Spanish influencers will have to stick to a strict code of conduct if they intend to push digital currency products on social media or via other platforms. The financial regulator has published a circular containing new rules for influencers that takes effect in February, and those who violate will face up to $340,000 in fines.
The circular, which the Comisión Nacional del Mercado de Valores (CNMV) published on January 17, defines the rules on the format and content of promotional messages that individual influencers, or even firms, have to observe in two weeks’ time.
CNMV insists on responsible ads, which include “clear, balanced, fair and non-misleading content and information on the risks in a prominent manner.”
Influencers must put a warning on any digital asset advert that states, “Investments in crypto-assets are not regulated. They may not be appropriate for retail investors and the full amount invested may be lost.”
The new directive will target any influencer campaign that targets 100,000 people or more. It requires the advertiser to contact the CNMV at least 10 days in advance. The CNMV will also have oversight over the campaigns targeting fewer people, but those will not have to communicate in advance to the watchdog.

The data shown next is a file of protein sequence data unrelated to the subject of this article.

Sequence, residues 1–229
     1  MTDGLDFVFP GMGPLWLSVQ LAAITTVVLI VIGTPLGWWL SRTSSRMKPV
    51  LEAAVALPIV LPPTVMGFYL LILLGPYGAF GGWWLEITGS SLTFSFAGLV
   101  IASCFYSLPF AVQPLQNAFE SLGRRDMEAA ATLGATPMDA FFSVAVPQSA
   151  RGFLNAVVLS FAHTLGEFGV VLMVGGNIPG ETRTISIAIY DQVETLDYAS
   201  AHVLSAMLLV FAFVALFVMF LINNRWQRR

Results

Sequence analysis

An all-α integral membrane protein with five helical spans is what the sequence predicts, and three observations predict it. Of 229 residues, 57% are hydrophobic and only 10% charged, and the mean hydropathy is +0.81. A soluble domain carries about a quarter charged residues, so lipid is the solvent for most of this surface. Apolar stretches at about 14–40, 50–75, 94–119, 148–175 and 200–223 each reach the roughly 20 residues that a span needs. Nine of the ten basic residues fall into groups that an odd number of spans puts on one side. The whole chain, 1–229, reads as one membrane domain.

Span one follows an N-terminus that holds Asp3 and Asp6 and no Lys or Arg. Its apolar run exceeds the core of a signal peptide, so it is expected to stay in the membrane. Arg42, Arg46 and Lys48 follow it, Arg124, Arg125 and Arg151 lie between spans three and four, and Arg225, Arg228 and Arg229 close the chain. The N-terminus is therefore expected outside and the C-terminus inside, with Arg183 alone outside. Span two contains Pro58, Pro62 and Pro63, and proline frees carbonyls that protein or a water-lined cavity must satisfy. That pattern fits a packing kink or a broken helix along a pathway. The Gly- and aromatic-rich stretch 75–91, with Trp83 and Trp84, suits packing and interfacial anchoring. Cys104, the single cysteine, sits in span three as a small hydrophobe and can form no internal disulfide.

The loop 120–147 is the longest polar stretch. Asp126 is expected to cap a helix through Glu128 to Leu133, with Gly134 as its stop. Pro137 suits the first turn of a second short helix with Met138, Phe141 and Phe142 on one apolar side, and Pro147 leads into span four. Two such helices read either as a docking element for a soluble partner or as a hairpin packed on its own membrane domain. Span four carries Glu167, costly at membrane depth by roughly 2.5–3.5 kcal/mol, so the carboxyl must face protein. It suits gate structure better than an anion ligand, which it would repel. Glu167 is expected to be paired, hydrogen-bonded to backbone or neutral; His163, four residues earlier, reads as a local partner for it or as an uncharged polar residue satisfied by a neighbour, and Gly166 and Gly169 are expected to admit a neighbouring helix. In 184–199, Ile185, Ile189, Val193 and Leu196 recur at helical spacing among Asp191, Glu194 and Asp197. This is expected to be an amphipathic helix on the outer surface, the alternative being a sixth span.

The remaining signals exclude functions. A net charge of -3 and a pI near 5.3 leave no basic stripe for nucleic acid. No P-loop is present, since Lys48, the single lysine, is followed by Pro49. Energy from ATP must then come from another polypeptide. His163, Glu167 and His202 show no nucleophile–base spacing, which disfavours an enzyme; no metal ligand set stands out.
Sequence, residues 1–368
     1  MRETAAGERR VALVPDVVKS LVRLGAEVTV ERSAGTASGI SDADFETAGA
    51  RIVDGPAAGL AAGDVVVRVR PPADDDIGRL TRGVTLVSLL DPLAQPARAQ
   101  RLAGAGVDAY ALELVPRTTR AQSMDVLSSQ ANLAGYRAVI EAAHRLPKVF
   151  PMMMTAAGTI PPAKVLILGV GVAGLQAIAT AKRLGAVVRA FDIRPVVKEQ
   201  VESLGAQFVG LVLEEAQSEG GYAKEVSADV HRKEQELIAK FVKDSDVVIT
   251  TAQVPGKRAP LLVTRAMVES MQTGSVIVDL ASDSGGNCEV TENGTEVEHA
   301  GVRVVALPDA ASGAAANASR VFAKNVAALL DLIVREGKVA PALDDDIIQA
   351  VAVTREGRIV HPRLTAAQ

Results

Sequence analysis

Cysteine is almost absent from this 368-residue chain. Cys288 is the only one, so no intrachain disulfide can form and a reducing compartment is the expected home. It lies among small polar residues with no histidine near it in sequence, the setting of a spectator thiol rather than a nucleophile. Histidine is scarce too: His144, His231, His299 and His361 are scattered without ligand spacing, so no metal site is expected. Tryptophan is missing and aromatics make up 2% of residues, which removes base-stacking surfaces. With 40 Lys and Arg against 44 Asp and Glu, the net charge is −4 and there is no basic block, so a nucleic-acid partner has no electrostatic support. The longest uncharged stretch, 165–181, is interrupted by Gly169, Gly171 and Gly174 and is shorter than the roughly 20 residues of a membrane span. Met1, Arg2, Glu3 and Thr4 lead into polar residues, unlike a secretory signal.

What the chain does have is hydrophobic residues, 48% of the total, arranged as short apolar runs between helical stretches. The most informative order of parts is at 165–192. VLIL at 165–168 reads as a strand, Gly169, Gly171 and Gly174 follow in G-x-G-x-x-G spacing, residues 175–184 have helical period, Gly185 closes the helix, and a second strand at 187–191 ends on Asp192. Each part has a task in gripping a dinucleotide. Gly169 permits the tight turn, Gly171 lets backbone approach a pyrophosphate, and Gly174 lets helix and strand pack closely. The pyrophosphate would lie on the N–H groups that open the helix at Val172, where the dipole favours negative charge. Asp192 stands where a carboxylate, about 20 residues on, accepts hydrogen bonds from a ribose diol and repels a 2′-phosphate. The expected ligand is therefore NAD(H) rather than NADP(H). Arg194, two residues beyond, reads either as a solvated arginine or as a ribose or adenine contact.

The new rules will apply to campaigns advertising digital assets, which have the nature of financial instruments, utility tokens, non-fungible tokens (NFTs), whitepapers for new coin issuance, publications of analysts, and more.
CNMV started the process in 2021, subjecting the circular to two rounds of public consultation, one in June and the other in August. “The comments received have been borne in mind for the final draft of the Circular,” it said.
Spain’s directive comes at a time when digital currency advertisements have become a heated topic across the globe. In the U.S., several celebrities have found themselves in trouble for promoting scams, including comedian Kevin Hart, actor Steven Seagal, and music producer DJ Khaled.
The latest duo to find themselves in trouble is socialite Kim Kardashian and boxer Floyd Mayweather (not for the first time) over promoting a worthless token known as Ethereum Max. A New York investor sued the two, and former NBA star Paul Pierce, for promoting the project whose value has plummeted 97%.
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